Now don’t jump to conclusions, there may be something caught somewhere stopping the door from shutting correctly. Clean out the thresher on the floor under the door, check around the hinge edge of the door or a sliding bolt on the top/bottom of the door before taking a close look at the pin as you turn the key. Can you see that the lock isn’t going into the hole?
If all is well around the door and the bolt isn’t going into the receiver, then the receiver needs adjusting. This is a straight forward job that may take an hour at most. It’s not necessary to call a locksmith; he’s too expensive.
Fix: Move the lock's receiver
Is it less than 12 months since we fit your door? We’ll come and fix the problem for free without question. If not, or we didn’t install the door in the first place we can do it for a small charge, or it’s a straight forward job for a joiner.
Problem: The deadlock isn't turning
When the key in the deadlock isn’t throwing the bolt even when the door is open, and you are using the original key, there’s an issue inside the lock.
Fix: Swap the lock
If the lock is a modern one and relatively inexpensive, you may be best swapping the lock. You can do this yourself and with the lock in hand have spare keys cut for it. If you’re replacing one of our locks some years after we fit it send me a photo of the lock plate and I can send you a link to buy another the same.
We don’t charge much to replace locks that don’t work. We can easily replace a lock like for like and can include as many spare keys as you require, all tested.
Any other problems aren’t worth mentioning here as they happen when there’s a blue moon.
Fix: Have a locksmith service the lock
When we restore an old door, we sometimes have the pleasure of working with an old rim lock. Folded steel locks that fit onto the surface of the door instead of inside a pocket, or mortise, are known as rim locks.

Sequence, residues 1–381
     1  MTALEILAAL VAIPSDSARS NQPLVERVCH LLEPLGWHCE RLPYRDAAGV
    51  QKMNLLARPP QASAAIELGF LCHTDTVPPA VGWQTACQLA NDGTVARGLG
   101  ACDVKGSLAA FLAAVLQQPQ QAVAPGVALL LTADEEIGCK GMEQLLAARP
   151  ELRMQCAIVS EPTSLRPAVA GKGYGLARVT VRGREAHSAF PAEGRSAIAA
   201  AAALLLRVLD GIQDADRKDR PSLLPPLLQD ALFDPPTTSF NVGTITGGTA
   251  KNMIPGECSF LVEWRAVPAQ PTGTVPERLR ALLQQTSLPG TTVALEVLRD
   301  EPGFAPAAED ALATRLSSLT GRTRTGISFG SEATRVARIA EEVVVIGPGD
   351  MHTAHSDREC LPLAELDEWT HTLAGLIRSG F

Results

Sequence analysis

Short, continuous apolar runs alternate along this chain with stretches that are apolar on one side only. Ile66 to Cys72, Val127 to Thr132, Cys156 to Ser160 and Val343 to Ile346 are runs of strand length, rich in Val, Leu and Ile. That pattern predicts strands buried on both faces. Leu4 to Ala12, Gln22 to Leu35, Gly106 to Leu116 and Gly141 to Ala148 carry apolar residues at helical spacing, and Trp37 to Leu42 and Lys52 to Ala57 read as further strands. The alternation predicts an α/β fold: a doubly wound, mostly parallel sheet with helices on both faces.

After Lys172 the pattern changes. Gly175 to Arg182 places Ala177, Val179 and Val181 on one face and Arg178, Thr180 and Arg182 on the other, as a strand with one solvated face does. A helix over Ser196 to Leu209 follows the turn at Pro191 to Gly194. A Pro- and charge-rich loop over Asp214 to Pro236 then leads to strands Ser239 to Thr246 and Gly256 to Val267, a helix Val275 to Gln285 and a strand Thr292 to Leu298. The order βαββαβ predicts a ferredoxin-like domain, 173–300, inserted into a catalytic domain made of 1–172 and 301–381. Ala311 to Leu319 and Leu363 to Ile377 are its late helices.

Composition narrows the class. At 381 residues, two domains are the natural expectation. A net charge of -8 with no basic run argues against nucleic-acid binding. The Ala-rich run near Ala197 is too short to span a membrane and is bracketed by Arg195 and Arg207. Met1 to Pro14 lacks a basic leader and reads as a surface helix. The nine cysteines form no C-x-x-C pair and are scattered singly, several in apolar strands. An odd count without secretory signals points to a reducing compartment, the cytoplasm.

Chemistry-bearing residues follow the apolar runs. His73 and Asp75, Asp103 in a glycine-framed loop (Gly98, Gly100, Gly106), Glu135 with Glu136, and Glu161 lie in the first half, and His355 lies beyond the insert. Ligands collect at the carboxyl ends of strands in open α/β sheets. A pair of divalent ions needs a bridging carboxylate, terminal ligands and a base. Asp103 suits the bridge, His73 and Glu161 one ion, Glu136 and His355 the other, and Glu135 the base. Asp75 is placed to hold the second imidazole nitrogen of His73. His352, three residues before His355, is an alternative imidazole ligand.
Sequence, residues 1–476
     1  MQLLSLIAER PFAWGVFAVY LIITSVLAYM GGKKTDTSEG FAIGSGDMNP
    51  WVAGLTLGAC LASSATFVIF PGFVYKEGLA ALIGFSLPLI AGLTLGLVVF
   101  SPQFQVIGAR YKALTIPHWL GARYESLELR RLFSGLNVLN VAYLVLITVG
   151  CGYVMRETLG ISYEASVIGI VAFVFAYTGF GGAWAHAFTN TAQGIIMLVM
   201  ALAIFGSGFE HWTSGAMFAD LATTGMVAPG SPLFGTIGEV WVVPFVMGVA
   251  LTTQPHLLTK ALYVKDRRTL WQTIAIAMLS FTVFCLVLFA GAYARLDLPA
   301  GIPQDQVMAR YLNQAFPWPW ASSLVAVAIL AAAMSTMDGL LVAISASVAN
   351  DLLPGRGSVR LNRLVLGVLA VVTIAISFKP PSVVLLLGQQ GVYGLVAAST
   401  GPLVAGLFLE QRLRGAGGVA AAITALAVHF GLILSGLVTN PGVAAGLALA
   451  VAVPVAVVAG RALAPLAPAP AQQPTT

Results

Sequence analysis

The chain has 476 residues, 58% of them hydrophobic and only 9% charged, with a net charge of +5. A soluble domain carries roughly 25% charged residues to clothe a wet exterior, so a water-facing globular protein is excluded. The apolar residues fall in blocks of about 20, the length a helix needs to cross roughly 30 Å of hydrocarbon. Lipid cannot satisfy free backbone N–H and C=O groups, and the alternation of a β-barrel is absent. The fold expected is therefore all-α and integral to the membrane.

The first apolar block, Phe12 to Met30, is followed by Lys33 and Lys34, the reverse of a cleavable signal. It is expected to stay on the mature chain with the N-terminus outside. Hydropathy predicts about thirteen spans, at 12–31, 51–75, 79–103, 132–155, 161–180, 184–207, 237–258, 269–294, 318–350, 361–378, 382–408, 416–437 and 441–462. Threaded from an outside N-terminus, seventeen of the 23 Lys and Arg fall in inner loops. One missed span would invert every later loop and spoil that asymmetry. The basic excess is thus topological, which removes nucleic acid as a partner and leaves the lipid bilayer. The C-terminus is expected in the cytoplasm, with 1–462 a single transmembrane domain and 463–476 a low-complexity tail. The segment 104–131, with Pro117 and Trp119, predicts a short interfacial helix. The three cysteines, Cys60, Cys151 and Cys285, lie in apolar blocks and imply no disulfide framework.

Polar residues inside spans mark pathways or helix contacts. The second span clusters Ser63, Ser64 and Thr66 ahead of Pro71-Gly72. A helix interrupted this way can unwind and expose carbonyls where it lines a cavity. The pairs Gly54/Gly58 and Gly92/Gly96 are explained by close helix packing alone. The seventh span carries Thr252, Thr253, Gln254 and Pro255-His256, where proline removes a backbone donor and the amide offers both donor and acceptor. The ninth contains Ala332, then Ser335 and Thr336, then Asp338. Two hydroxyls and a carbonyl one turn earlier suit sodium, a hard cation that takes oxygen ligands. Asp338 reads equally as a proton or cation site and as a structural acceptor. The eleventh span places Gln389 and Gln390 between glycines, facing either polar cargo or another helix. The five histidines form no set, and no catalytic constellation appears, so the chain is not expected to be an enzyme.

We’ve worked with locks that are hundreds of years old; they’re a delight. They’re not, however, Kitemarked, British Standard or any such standard. Therefore, your insurance won’t entertain them as a defence against the dark arts of burglary. Keep this in mind.
An old Georgian rim lock can look stunning on a front door though. The brass components polished up, the box sandblasted and matt painted. Class.
Let us get our hands on it. We can have it serviced, greased, parts replaced, and new keys made for it, often ‘vintage’ keys.
Problem: The keys for the lock are lost
If you have lost all of your keys for a lock or didn’t have any in the first place (maybe the case when the lock is ancient), this can be remedied.
Fix: Get new keys made
I can take your lock away and come back with keys for it. The lock is taken apart, serviced, and new keys made. The cost of this might range from £45 to £200 if you wanted cast antique-looking keys. The lock is reconditioned at the same time. I will always do this with a lock that you are keeping on a door that I am restoring.
If it’s a Yale lock like the ones I fit as standard (photo above) it can easily be replaced.
Other problems with keys and locks
If you have any other problems with keys or locks or want to ask a question, don’t hesitate to comment below or drop me a line.
If you would like to buy the locks that we trust and use regularly have a look at the locks section in the shop.